Effects of Conservation Tillage Strategies on Soil Carbon Changes

A special issue of Agronomy (ISSN 2073-4395). This special issue belongs to the section "Farming Sustainability".

Deadline for manuscript submissions: 31 December 2024 | Viewed by 203

Special Issue Editors

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Guest Editor
Department of Agricultural Machines, Faculty of Engineering, Czech University of Life Sciences Prague, Kamýcká 129 St., 165 21 Prague, Czech Republic
Interests: soil problems; erosion; soil tillage
Special Issues, Collections and Topics in MDPI journals

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Guest Editor
Department of Machinery Utilization, Czech University of Life Sciences Prague (CULS), Kamýcká 129, 165 00 Prague, Czech Republic
Interests: crop production technologies; soil sustainability; farm machinery management and assessment; conservation tillage systems; soil compaction

Special Issue Information

Dear Colleagues, 

World agriculture is currently facing the constant loss of quality land, but it must simultaneously create enough food for the world's eight billion people. This difficult task would not be possible without new procedures and technologies. Soils contain a large pool of carbon on land, and are sensitive to changes in land use and agricultural practices. Agricultural soils are a very important factor, and farming practices should be geared towards sustainability. Conservation tillage strategies can have a significant impact on changes in soil carbon, having both positive and negative consequences, depending on a variety of factors. Soil carbon is a key component of soil organic matter, and its management is essential to maintaining soil health and fertility and mitigating climate change. Conservation tillage practices promote enhanced soil structure by reducing soil erosion and compaction. An improved soil structure promotes the conservation of soil carbon by creating stable soil aggregates that protect organic matter from microbial decomposition. Crop residue management is a key factor in conservation tillage systems, as retaining crop residues on the soil surface can significantly affect soil health.

We invite and encourage researchers to submit original scientific papers that address conservation tillage strategies, soil organic carbon, soil erosion, soil sediments, soil carbon pools, and tillage strategies. Special attention will be paid to contributions that address the effects of conservation tillage strategies on soil carbon changes.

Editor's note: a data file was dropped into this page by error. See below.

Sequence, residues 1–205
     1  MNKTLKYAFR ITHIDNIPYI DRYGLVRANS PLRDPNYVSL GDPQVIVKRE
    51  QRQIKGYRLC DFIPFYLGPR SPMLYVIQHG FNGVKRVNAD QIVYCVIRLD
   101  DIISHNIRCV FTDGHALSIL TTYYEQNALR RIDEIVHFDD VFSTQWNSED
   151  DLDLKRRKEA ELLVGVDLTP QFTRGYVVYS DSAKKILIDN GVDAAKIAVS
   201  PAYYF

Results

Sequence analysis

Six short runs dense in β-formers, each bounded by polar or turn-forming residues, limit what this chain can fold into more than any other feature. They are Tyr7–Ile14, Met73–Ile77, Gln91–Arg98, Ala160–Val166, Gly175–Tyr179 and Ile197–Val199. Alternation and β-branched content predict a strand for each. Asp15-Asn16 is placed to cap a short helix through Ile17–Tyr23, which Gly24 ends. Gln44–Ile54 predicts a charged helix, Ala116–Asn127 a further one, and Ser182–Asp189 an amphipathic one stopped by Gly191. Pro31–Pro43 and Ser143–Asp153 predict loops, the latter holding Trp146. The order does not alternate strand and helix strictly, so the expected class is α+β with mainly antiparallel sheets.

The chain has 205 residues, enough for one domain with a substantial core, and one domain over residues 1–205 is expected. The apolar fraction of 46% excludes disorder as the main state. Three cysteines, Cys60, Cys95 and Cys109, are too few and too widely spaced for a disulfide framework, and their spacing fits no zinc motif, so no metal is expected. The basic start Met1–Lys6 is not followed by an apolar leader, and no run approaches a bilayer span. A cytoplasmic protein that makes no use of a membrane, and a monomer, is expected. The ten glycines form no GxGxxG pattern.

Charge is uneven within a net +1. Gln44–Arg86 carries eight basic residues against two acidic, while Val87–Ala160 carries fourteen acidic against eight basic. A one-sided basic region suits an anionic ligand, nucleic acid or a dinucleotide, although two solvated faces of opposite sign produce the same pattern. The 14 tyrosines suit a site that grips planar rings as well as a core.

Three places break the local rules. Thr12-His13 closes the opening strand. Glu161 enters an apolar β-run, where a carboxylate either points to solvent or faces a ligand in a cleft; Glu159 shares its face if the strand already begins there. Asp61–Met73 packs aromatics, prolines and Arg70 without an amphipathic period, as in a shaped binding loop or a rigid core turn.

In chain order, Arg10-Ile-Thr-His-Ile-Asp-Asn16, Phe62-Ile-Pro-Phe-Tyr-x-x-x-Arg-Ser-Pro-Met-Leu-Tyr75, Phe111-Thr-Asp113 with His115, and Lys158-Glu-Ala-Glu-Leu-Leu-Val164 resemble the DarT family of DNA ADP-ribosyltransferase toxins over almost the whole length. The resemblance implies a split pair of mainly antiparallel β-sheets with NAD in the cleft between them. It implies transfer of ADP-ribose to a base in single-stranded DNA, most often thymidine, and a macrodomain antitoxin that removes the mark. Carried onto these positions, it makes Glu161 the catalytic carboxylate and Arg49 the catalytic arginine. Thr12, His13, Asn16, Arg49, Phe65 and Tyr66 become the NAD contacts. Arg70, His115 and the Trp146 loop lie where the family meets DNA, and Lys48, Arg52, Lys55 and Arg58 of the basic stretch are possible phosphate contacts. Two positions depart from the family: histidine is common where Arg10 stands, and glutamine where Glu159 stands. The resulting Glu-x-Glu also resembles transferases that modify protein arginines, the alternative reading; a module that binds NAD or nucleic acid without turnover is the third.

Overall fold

Dr. Petr Novák
Dr. Petr Šařec
Guest Editors

Manuscript Submission Information

Manuscripts should be submitted online at www.mdpi.com by registering and logging in to this website. Once you are registered, click here to go to the submission form. Manuscripts can be submitted until the deadline. All submissions that pass pre-check are peer-reviewed. Accepted papers will be published continuously in the journal (as soon as accepted) and will be listed together on the special issue website. Research articles, review articles as well as short communications are invited. For planned papers, a title and short abstract (about 100 words) can be sent to the Editorial Office for announcement on this website.

Submitted manuscripts should not have been published previously, nor be under consideration for publication elsewhere (except conference proceedings papers). All manuscripts are thoroughly refereed through a single-blind peer-review process. A guide for authors and other relevant information for submission of manuscripts is available on the Instructions for Authors page. Agronomy is an international peer-reviewed open access monthly journal published by MDPI.

Please visit the Instructions for Authors page before submitting a manuscript. The Article Processing Charge (APC) for publication in this open access journal is 2600 CHF (Swiss Francs). Submitted papers should be well formatted and use good English. Authors may use MDPI's English editing service prior to publication or during author revisions.


  • soil conservation
  • soil tillage
  • soil organic carbon
  • soil carbon pool
  • soil erosion
  • agricultural soils
  • tillage

Published Papers

This special issue is now open for submission.
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